UK Infrastructure Bank Bill [HL] - Report – in the House of Lords at 4:00 pm on 4th July 2022.
Moved by Lord Sharkey
2: Clause 2, page 1, line 13, leave out “and”Member’s explanatory statementThis amendment seeks to probe whether the Bank would need to meet both objectives in the exercise of its activities.
My Lords, Amendment 2 is a probing amendment so I can be very brief. Its purpose is to seek clarity on how the objectives of the bank will work together and to allow the Minister to put that clarification on the record.
We have discussed this informally with the Minister and her officials, and I am grateful for the time they gave us. Our questions were about whether the two basic objectives—tackling climate change and supporting regional and local economic growth—both needed to be met in any project. Is that what “and” means here in the Bill? In her letter to us of last Tuesday, the Minister responded:
“I can confirm that the Bill’s drafting does not mean that a project must meet both those objectives. The Bank can invest in projects which meet only one of these objectives, so long as supporting a project to deliver regional and local economic growth does not do any significant harm against the Bank’s climate objective.”
As far as it goes, that is clear and helpful; I look forward to the Minister putting it on the record in a moment.
However, it raises a couple of other issues. For example, does it work the other way round? Is it permissible to invest in a project to support the bank’s climate objectives as long as it does no significant harm against the bank’s regional and local economic growth objective? I assume that this is the case—I would be grateful for confirmation that it is. What does “significant” mean in these contexts? What criteria will be used to provide a threshold test for significance? Will each project carry an assessment of the harm that pursuing only one objective may cause to the other? Will any such assessments be published along with other details of the project? I look forward to the Minister’s reply and the arrival of complete clarity.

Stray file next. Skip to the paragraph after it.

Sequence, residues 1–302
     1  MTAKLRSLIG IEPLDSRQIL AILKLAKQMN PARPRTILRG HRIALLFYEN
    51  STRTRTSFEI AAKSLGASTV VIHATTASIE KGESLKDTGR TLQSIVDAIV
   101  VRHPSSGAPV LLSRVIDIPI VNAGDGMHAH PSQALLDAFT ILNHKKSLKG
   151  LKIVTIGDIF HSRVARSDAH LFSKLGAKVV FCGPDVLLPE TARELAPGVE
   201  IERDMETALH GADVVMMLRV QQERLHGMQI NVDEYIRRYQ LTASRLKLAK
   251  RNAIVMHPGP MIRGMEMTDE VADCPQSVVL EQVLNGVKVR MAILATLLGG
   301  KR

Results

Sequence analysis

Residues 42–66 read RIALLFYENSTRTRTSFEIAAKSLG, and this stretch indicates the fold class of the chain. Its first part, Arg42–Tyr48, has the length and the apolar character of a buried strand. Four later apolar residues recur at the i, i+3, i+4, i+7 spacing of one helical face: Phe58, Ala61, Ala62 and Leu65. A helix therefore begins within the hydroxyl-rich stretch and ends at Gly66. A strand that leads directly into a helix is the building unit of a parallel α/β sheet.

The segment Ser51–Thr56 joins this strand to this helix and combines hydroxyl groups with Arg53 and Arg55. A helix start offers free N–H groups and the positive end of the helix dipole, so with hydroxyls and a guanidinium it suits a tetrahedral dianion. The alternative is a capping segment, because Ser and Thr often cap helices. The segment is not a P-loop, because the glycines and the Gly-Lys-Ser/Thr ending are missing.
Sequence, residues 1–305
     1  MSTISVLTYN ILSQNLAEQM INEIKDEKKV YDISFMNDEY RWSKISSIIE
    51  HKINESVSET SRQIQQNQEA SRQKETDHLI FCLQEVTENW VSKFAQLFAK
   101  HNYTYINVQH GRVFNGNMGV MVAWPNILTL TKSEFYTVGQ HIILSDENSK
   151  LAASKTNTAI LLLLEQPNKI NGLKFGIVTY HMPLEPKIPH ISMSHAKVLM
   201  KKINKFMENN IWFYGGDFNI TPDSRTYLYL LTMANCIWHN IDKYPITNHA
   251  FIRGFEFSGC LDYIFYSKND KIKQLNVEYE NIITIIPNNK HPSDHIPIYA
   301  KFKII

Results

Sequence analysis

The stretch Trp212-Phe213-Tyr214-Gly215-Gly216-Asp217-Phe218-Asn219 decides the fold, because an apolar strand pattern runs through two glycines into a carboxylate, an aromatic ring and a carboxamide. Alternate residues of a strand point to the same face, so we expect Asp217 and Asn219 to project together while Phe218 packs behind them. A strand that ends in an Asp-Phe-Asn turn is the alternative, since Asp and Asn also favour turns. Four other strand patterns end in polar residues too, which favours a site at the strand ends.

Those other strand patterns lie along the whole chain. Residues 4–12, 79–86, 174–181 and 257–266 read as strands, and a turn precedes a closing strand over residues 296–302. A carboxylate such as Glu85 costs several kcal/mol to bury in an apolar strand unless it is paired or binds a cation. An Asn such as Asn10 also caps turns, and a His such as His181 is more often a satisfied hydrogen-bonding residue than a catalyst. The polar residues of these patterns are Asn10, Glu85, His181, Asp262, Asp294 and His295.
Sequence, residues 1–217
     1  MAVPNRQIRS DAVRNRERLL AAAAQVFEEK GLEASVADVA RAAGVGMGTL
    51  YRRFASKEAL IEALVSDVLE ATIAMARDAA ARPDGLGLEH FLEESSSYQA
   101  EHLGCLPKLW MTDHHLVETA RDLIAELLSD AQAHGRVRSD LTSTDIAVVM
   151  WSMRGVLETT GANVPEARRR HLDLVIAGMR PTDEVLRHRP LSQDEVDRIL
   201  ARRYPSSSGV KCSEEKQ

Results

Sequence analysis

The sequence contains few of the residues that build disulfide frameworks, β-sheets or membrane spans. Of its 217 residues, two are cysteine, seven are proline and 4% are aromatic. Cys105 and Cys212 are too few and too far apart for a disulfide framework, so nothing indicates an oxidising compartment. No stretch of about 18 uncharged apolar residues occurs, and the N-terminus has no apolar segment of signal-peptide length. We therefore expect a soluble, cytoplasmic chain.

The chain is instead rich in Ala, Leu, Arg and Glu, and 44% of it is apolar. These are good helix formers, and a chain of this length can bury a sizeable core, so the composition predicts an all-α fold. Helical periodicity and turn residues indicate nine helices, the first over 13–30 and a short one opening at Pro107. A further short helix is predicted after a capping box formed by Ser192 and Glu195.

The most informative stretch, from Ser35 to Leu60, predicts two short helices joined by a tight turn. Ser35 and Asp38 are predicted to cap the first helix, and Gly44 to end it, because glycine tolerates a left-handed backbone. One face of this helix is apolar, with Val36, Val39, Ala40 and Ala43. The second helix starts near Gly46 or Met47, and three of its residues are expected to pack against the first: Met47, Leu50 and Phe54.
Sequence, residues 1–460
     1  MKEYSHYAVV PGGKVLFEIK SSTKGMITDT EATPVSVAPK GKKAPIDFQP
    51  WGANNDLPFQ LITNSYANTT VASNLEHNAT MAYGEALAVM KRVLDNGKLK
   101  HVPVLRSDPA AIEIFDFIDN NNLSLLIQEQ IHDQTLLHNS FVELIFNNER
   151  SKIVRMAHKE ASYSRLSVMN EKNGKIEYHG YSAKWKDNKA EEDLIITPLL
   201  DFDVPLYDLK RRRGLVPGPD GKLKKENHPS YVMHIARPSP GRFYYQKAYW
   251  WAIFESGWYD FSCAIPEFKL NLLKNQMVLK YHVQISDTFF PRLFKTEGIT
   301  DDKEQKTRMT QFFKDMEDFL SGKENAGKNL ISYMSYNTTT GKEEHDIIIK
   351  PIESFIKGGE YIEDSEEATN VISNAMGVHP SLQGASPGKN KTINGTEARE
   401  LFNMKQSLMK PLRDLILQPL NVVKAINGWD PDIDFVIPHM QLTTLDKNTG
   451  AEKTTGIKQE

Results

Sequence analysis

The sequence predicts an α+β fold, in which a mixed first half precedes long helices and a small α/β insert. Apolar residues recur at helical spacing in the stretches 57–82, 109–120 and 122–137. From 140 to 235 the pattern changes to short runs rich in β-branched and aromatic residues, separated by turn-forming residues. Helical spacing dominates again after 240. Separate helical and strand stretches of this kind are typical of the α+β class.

My Lords, Amendment 5 is in my name. I declare my interest as a project director working for Atkins and note that I am co-chair of the Midlands Engine APPG. First, I thank my supporters on this amendment; I thank the right reverend Prelate the Bishop of St Albans for all his help in crafting it, and the noble Lord, Lord Tunnicliffe, for his support. My remarks are equally applicable to Amendment 12 in the name of the noble Lord, Lord Tunnicliffe, to which I have added my name.
To briefly reiterate the issue, the current levelling-up objective of the bank, set out in Clause 2, is not clear enough to articulate the levelling-up purpose of the bank in the Bill. Indeed, I would question what the words
“support local and regional economic growth” really add to the Bill. Almost any conceivable infrastructure investment will meet this objective for the area in which it sits.
As the Minister has previously stated, we have the strategic steer in the form of a letter from the Chancellor, which clearly sets out levelling-up objectives. However, levelling up is a long-term, generational project—as is this bank—and the strategic steer will not bind it in the long term. Ultimately, if nothing is done because of the lack of clarity in the Bill, the bank and the Government may drift away from the levelling-up purpose expressed in the strategic steer and may not undertake the vital work of helping disadvantaged areas in the long term.
This is particularly the case because the effects of agglomeration work against infrastructure spend outside the metropolis. The economic return is simply much better in areas that already perform well, so those projects have a much better chance of proceeding. Inequality becomes entrenched and self-fulfilling. That is why it is so important that, for an infrastructure bank still focused on making a return, levelling-up objectives are clear in the Bill. This can be solved via the simple amendment we have set out. It takes on board feedback from the Minister in Committee to avoid any complicated definitions of disadvantaged areas. It does this by using similar comparative wording to a recent government amendment to the Subsidy Control Act. The amendment would mean that Clause 2(3)(b) read:
“to support regional and local economic growth, with an emphasis on reducing social or economic disadvantages within the United Kingdom.”
I am very grateful to the Minister and her team for meeting me and for their efforts in investigating this issue. I know that the Minister is concerned about legal challenge and whether the wording would cause the bank to be too cautious in its approach, but this wording captures the very fundamentals of levelling up. Given the guidance for the bank in the strategic steer, all its investments should be compliant with the wording in any case, so I do not believe that this would limit the bank in any way.